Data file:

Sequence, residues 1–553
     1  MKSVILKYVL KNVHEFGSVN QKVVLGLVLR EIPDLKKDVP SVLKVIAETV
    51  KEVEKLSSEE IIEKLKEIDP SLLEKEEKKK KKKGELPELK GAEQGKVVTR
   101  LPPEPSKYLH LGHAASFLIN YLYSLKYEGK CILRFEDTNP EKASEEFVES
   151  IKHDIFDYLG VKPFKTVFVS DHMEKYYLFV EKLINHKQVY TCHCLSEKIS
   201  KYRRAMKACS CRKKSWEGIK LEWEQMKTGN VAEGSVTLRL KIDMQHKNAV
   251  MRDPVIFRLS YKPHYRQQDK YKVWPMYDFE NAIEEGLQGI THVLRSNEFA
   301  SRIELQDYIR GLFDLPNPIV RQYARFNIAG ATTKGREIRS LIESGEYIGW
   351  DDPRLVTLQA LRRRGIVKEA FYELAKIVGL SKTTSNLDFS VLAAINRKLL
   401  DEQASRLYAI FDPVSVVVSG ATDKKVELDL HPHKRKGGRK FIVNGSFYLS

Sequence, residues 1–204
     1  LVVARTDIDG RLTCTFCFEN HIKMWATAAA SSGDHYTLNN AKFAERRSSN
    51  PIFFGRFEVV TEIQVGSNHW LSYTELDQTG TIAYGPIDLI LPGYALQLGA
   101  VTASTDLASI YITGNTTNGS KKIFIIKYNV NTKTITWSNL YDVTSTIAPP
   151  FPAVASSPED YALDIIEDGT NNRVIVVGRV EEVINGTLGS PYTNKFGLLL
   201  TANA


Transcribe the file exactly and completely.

Sequence, residues 1–553
     1  MKSVILKYVL KNVHEFGSVN QKVVLGLVLR EIPDLKKDVP SVLKVIAETV
    51  KEVEKLSSEE IIEKLKEIDP SLLEKEEKKK KKKGELPELK GAEQGKVVTR
   101  LPPEPSKYLH LGHAASFLIN YLYSLKYEGK CILRFEDTNP EKASEEFVES
   151  IKHDIFDYLG VKPFKTVFVS DHMEKYYLFV EKLINHKQVY TCHCLSEKIS
   201  KYRRAMKACS CRKKSWEGIK LEWEQMKTGN VAEGSVTLRL KIDMQHKNAV
   251  MRDPVIFRLS YKPHYRQQDK YKVWPMYDFE NAIEEGLQGI THVLRSNEFA
   301  SRIELQDYIR GLFDLPNPIV RQYARFNIAG ATTKGREIRS LIESGEYIGW
   351  DDPRLVTLQA LRRRGIVKEA FYELAKIVGL SKTTSNLDFS VLAAINRKLL
   401  DEQASRLYAI FDPVSVVVSG ATDKKVELDL HPHKRKGGRK FIVNGSFYLS

Sequence, residues 1–204
     1  LVVARTDIDG RLTCTFCFEN HIKMWATAAA SSGDHYTLNN AKFAERRSSN
    51  PIFFGRFEVV TEIQVGSNHW LSYTELDQTG TIAYGPIDLI LPGYALQLGA
   101  VTASTDLASI YITGNTTNGS KKIFIIKYNV NTKTITWSNL YDVTSTIAPP
   151  FPAVASSPED YALDIIEDGT NNRVIVVGRV EEVINGTLGS PYTNKFGLLL
   201  TANA